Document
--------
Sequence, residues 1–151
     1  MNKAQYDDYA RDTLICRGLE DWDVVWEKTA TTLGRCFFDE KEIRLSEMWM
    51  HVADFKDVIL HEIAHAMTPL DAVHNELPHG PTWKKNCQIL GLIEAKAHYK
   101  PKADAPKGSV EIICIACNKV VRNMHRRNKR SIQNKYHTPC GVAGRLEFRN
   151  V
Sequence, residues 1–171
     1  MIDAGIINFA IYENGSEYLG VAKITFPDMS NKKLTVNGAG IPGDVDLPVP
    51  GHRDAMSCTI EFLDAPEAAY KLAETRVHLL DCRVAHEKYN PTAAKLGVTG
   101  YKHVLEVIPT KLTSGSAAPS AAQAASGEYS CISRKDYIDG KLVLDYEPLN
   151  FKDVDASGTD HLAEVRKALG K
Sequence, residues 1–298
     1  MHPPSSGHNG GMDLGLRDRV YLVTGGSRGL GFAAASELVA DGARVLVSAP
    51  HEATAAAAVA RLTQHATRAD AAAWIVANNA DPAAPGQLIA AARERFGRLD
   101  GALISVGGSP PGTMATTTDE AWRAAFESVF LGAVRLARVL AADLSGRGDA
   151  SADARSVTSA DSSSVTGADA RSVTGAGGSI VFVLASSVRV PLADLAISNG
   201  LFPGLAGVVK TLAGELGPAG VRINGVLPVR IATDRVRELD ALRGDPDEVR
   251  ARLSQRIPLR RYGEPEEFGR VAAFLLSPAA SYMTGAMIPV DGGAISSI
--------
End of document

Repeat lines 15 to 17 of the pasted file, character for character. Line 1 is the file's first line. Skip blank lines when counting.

   151  SADARSVTSA DSSSVTGADA RSVTGAGGSI VFVLASSVRV PLADLAISNG
   201  LFPGLAGVVK TLAGELGPAG VRINGVLPVR IATDRVRELD ALRGDPDEVR
   251  ARLSQRIPLR RYGEPEEFGR VAAFLLSPAA SYMTGAMIPV DGGAISSI